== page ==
In his opulent ocean-view home near Goteborg, Sweden, wealthy restaurant magnate Kjell B:son Ceder is discovered dead by his wife Sanna. When Detective Inspector Irene Huss and her partner Tommy Persson start investigating, their suspicions keep turning to Sanna. After news of a double homicide in a nearby town, in which both victims died in the same way as Kjell- two shots to the head- what once looked like an isolated domestic crime now looks like deliberate execution. Not only that, one of the victims was once business partners with Sanna in a high-stakes investment scheme worth millions. Tensions rise when Irene and Tommy realize the third founder of the company has been missing for three years, presumed dead. Is Sanna the centre of a web of murders or the last target of a shadowy killer?
Despite my passion for Scandinavian crime fiction I am ashamed to admit that Helene Tursten is an author I have not read before, and on reading this, the fifth in the series, I will certainly be catching up on the other four! With all the essential ingredients of a compelling Scandi crime thriller, but with an altogether lighter feel than some of the other established authors, Tursten weaves a finely crafted police procedural with the incredibly likeable DI Huss at the centre. Huss has a great balance of intelligence and dogged determination suffused with a ready wit and a natural empathy with those she encounters in her professional life. The rapport with herself and her police partner Tommy adds a nice touch to the book, as this investigation proves to be a thorny and emotional one with more than one damaged victim along the way. The characterisation throughout is good and I particularly liked that the central suspect, Sanna, was so completely infuriating and annoying, that I relished every harsh interrogation of her at the hands of Irene and Tommy. I found the storyline involving Annika Hermansson, interviewed by Irene in conjunction with the investigation, particularly heartfelt arousing my sympathy for her and the tragic nature of her life. The plot is quite convulated with the overlapping murder investigations, and for me, a more than necessary amount of the workings and dark shennanigans of the business world which does become a little tedious in its factual detail as Huss herself struggles with the intricacies of the financial world. However, in the overall scheme of the book this is just a minor irritation as the plot moves along at a steady pace with the story pivoting between Europe and America. As I said at the beginning despite the violence of the central murders, there is a natural humour to the book, lightening the mood and I found this to be refreshingly different from other authors within the Scandinavian crime genre and definitely an author to catch up on…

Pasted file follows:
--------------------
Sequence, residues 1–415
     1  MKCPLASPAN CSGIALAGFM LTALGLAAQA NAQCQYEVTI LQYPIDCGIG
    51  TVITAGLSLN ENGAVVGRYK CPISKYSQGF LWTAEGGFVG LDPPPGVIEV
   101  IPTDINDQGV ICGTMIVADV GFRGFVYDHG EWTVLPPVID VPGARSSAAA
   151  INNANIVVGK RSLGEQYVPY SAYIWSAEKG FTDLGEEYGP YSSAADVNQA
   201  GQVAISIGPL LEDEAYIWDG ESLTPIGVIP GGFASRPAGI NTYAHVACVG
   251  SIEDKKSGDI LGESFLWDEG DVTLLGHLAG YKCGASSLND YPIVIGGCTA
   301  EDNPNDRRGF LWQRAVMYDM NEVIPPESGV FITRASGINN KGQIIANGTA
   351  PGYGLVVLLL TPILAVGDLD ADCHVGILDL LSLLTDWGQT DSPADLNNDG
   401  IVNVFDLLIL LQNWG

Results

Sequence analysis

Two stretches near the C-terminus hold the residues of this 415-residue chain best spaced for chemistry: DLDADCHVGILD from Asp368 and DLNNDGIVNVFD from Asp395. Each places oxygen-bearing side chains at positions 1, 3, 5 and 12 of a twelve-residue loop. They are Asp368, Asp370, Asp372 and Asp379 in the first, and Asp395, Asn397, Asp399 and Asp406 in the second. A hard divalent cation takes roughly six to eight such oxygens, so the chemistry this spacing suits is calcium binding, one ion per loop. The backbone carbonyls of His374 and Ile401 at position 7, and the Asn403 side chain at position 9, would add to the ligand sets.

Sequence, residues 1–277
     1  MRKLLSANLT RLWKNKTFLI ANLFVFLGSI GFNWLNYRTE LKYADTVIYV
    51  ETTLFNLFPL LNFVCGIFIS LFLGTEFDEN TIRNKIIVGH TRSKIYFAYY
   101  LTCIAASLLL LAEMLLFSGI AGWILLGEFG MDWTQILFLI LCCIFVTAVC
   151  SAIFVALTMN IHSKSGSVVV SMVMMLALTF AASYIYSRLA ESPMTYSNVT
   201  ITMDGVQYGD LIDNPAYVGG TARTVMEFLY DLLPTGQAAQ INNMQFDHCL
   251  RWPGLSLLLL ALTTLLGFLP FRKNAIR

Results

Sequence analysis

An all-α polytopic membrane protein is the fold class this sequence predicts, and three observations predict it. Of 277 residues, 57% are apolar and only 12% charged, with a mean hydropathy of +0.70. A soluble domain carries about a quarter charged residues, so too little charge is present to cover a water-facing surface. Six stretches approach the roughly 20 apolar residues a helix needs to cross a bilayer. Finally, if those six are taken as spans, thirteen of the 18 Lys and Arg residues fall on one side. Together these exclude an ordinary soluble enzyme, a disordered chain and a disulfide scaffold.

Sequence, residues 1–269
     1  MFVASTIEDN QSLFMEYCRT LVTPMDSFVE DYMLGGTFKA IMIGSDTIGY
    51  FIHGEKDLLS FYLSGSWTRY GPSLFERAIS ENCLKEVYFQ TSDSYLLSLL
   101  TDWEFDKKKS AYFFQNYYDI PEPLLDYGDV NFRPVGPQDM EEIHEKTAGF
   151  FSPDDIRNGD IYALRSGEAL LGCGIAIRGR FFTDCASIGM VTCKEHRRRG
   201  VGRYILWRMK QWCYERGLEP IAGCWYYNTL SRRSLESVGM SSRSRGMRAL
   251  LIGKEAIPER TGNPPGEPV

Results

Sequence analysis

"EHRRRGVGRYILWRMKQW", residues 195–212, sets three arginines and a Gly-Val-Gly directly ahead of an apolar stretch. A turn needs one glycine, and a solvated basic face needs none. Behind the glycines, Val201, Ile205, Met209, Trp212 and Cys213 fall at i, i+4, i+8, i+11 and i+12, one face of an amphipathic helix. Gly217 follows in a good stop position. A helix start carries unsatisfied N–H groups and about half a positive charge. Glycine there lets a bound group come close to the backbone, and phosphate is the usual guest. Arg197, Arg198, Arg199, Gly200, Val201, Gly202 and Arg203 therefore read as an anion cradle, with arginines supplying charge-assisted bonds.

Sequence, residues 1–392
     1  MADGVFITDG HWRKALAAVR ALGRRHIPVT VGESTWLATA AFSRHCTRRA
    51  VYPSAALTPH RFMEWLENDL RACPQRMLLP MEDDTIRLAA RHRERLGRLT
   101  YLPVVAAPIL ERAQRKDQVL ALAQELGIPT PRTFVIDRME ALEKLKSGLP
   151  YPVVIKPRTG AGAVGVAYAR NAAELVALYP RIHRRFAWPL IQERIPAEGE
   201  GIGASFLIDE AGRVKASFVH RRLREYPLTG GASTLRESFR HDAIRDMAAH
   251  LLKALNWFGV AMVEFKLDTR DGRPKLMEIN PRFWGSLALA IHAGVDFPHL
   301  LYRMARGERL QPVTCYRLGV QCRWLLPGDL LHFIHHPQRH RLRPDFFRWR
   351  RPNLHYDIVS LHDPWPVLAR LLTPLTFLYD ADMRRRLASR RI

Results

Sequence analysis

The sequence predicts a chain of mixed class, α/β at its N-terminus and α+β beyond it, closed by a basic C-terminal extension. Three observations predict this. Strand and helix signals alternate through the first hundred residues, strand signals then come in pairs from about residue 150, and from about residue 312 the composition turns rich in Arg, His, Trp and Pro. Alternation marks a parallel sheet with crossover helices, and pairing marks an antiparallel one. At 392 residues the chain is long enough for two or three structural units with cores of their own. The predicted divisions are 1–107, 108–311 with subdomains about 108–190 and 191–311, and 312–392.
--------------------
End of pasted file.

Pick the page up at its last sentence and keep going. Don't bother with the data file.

‘The Golden Calf’ is published by Soho Crime
The Irene Huss series:
(With thanks to Soho Crime for the ARC)